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Young vs. Old Mom: Which One Are You?

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We women are basically fertile from age 15-45, and there are even some outliers beyond these ages.

We have seen pregnancies in girls younger than 15, but that’s a whole other topic.

And with the magic of infertility treatments, we also see women older than 45 having babies.  In fact, with the magic of accidents, we do see spontaneous pregnancies in women older than 45.  That’s just one of those crazy life things where if you wanted to get pregnant after 45, it would be quite difficult.  But sure enough, if you are sending your older kids off to college, eagerly awaiting some well-deserved alone time with your spouse (what was his name again?),  then KABOOM, you are in the second-highest group of unintended pregnancies after teenagers: perimenopausal women.  You’ve just had your last period: baby, then menopause, or as one of my dear friends refers to it: breast-o-pause, because you breast feed the baby, then: nothing.  No period, nothing.  It’s done.

I had a patient who had a couple babies later in life (after age 45) but she had to quit breast feeding sooner than she wanted.  The reason?  She couldn’t see her nipple.  That’s right, her eyesight had deteriorated to the point where she was having trouble connecting baby to breast.  Awesome.  But, the flip side is, she is old enough, and has had enough kids, to just roll with it.  Sure, breast feeding is best, but it’s nothing to lose your sanity over.

Older moms can be chill like that.  They know things have a way of working themselves out, somehow, someway.  And they have more money.

Younger moms, however, they’ve got all the energy.  They take their kids out and run around with them, play games, jump on the trampoline.  Older moms don’t jump on trampolines.  If you don’t know why no trampolines, you’re not “older.”

Younger moms care about which diaper genie to buy, they care if their kid brushes their hair in the morning, they care if their kid eats food off of the floor.

Older moms mostly care that they don’t get called “Grandma.”

Let’s face it, babies are a blessing and a joy at any time in life, and they come with different challenges at different phases.  Either way, the best thing any of us can do it just fasten our seat belts and try to enjoy the ride.
joyceGuest blogger Joyce Gottesfeld, MD has been an Obstetrician/Gynecologist with Kaiser Permanente Colorado for the past 17 years. She’s a mother of three young daughters, ages 15, 12 and 8 and married to Marshall Gottesfeld, also an OBGYN in Denver. Joyce loves caring for women and started this blog as a way to share thoughts on women’s health, being a parent, a wife, staying fit and other life topics. To read more of her blog check out
http://bit.ly/DrJoyceBlog

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Comments
  • comment avatar michele July 11, 2013

    I’m an older mom and i still jump on trampolines, play all sports, video games, read books, play boardgames with my 7 year old. I know alot of “tired” 30 year old moms too.

    • comment avatar Sam Hill July 11, 2013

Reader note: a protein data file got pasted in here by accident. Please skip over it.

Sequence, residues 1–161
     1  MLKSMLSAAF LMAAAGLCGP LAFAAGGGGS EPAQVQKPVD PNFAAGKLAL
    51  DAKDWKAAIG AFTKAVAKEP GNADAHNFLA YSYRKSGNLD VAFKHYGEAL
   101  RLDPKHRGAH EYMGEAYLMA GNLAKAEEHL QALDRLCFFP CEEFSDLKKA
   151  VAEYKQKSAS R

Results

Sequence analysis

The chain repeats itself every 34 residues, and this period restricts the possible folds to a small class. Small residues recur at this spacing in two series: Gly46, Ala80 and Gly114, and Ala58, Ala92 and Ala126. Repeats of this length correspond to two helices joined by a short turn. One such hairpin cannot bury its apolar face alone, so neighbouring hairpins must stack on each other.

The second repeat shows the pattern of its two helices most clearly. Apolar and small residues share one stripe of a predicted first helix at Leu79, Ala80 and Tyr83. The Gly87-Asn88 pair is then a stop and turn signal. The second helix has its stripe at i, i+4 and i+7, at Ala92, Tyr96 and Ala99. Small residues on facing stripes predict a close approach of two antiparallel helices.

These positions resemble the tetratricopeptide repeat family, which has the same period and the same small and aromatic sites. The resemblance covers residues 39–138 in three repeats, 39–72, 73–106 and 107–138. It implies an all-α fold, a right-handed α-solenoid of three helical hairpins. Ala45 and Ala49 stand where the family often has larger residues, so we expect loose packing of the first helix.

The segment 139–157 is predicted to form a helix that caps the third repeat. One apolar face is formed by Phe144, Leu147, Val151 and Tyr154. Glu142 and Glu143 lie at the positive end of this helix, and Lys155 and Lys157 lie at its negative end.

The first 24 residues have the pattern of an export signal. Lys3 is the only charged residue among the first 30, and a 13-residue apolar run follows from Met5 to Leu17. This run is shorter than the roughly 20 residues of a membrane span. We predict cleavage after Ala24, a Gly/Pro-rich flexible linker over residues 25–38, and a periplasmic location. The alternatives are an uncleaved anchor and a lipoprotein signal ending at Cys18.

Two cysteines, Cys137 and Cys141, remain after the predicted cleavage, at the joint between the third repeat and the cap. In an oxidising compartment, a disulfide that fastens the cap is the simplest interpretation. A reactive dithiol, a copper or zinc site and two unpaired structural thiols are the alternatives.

No trampoline jumping has nothing to do with being tired! lol

  • comment avatar Alena July 11, 2013

    Hello I am alena, I am an old Mom.

  • comment avatar Tamara July 19, 2013

    What do you consider to be an “older mom”? Geez this article makes it sound like at 44 I should be getting out the walker and bifocals!

  • comment avatar Lisafer July 19, 2013

    I’m an old, tired mom. Lol. Had my first at 31 and second at 33. I’ll be 35 this year. I’m still young at heart (and sometimes my maturity level – ha!), though I wish I had the energy I had in my 20’s. Maybe once my kids start sleeping through the night…(haven’t had a full night’s sleep in over 4 years, but that’s a whole other story; I know some of you can relate).

    Sometimes I wish I had started earlier so that I might have more energy and more time on this planet with my family, but I’m glad I got to do all the crazy, awful stuff I did in my 20’s and don’t have any urges to do any of those things again.

  • comment avatar KR July 19, 2013

    I’m a young mom – had her when I was 19. I also have a really young face, so even though my daughter is now 10, I still look like I’m 21. I get mistaken for her sister or nanny whenever I pick her up from school, then I get the “looks” from other parents who are in the acceptable age range. I’m still married to her father which is hard to say for many of them, but I’m the one being judged. It can be a bit frustrating. And trust me, I don’t have as much energy as you think I do – but then again, I work full time!

  • comment avatar Linsey July 23, 2013

    This blog is rife with oversimplifications and stereotypes, and at best a watered-down version of some of the other “mommy wars” tripe I’ve seen all over the internet (young vs. old moms- really?). My children were all born after I turned 35, so by your definition, I am an “old” mom. What crap. I am a runner, cyclist, gardener, full time professional, bread winner, craft queen, cook, solver of problems- in other words, a complete powerhouse of a mom who takes pride in playing hard and loving with great intensity, despite my “advanced” years. I make sure my kiddos have state of the art, thoughtful gear, I research and vet their schools and extra curricular activities, and while perhaps I have the perspective to let some things “roll,” I also take great pride in savoring with every molecule in my being the full experience of being a mom to my kiddos, trampolines and all.